It is not true that the agricultural labourers’ families only ate bread, bacon or pork, and cheese, such as are shown with cost in the family budgets.
The majority of the poorer segment of the labourers had gardens next to their cottage, where they grew potatoes, cabbages, carrots, and other vegetables. In the worst months of scarcity, the potatoes could make up the half of the physical volume of food consumption.
A certain proportion of the labourers had a pig, which was fattened, and killed at the end of the year, to be converted into salt pork, which was then eaten through the following year; the costs are given in the family budgets (sometimes), showing the purchase of barley, peas, and beans for feeding the animal. Many labourers also had chickens, for eggs. Milk for children was sometimes given free to the poor villagers, by neighbours who had a cow.
After the men cut the wheat in the harvest, the next day, the small children of the village were allowed into the field at dawn, to pick up the individual seeds that had fallen to the soil (“gleaning”). The amount over the full harvest period each year might well be 2 to 4 bushels per family, that is, they saved two to four weeks of expenses for food.
In all the cereal parts of England, it was the custom that during the harvest month, the farmer sent food to the field where the men and women were working, together with a supply of beer. Thus the family did not have to pay the month of food. The day after the end of the harvest, there was a feast, called “Harvest-Home”, also paid for by the farmer; there was usually also a procession with a cart decorated with objects made out of wheat stems.
“The mode of living, or the kind of food provided for the men, varies considerably in different places. With some it is customary to give seed-cakes and ale for breakfast, as well as at wheat harvest-home, &c.; but in general, meat is allowed three times a day, which consists of pork, bacon, &c. with from one-fourth to one-third of butchers’ meat, and in general plum-puddings; and three meals on each of the four Sundays in the month. It is customary to allow three pints and a half of ale per day; viz. in the morning, at eleven o’clock, and at four in the afternoon; but in some places, the allowance of ale extends to four or five pints, and one pint per man on a Sunday. The evening of the harvest-home is, as is usual in most places, a scene of festivity, when the harvest men, their wives, and children, and other helpers and neighbours, compose a numerous and expensive assemblage. When the month is finished, the plum-pudding disappears, and daily pay is reduced about Lidlington, &c. to 1s. but remains in some places as high as 15d., and even 18d. with food and beer as before.”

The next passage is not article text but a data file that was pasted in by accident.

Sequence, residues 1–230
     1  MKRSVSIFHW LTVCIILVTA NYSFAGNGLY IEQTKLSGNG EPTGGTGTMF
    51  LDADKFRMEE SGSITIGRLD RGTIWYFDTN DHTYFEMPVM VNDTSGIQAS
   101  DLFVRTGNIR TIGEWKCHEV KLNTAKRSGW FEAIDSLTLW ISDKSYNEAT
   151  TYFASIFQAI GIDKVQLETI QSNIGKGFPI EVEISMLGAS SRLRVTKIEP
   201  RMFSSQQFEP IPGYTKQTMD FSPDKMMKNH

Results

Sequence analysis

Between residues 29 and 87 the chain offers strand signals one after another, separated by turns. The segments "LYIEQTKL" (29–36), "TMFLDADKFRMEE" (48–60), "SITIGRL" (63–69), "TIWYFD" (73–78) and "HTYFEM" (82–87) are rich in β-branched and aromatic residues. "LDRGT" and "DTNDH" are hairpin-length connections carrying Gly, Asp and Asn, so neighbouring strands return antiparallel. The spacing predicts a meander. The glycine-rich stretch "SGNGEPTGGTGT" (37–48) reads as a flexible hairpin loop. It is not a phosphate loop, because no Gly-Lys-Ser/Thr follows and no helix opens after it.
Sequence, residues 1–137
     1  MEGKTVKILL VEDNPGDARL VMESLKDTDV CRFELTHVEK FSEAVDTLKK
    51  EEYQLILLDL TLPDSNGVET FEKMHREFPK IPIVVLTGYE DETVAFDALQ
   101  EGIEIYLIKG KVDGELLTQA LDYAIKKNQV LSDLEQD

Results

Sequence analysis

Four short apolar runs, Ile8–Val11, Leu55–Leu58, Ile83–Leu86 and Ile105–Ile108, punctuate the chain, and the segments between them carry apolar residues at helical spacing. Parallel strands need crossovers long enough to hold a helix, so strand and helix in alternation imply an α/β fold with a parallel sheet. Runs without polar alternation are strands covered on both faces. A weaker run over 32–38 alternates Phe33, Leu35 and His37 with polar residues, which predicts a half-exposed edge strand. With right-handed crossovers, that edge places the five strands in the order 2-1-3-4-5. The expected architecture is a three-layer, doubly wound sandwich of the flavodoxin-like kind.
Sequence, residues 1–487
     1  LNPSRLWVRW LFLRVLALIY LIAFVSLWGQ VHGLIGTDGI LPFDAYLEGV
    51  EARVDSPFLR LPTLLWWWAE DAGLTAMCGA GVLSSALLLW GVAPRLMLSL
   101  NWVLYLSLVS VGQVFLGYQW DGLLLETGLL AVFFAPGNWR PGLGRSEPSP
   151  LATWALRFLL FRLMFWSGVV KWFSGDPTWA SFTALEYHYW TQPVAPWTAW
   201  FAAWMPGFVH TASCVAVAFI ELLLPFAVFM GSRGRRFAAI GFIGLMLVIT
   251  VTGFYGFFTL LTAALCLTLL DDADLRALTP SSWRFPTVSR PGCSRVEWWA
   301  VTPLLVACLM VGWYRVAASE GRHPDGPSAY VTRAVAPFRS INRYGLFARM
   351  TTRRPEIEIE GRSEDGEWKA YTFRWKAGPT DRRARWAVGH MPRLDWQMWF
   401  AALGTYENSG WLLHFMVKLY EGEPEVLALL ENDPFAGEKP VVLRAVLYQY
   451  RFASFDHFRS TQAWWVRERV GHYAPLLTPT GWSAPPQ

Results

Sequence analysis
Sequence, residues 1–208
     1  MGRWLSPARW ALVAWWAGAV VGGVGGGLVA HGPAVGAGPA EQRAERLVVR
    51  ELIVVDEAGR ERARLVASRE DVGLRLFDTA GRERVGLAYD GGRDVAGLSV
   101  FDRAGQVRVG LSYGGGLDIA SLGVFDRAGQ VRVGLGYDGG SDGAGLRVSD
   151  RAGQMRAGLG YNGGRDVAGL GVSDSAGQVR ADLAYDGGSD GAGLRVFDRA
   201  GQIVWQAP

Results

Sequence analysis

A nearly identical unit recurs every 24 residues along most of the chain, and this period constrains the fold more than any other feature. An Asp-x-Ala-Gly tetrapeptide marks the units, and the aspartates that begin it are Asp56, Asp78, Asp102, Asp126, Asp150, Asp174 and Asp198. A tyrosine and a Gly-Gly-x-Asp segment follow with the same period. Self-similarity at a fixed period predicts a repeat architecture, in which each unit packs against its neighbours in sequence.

(Board of Agriculture / Thomas Batchelor, General View of the Agriculture of the County of Bedford, 1813, p. 584)
“The Harvest Home” by Thomas Rowlandson (1756-1827), painted 1821
But it is also not true, that the families only earned their money by working at agricultural tasks for the farmer. A considerable number, “cottagers”, rented a few acres, to grow their own wheat or to pasture one or more cows. The man would work six days a week for the farmer, and then work late at night or on Sundays on his own plot; the wife and the children would work on the fields during the week.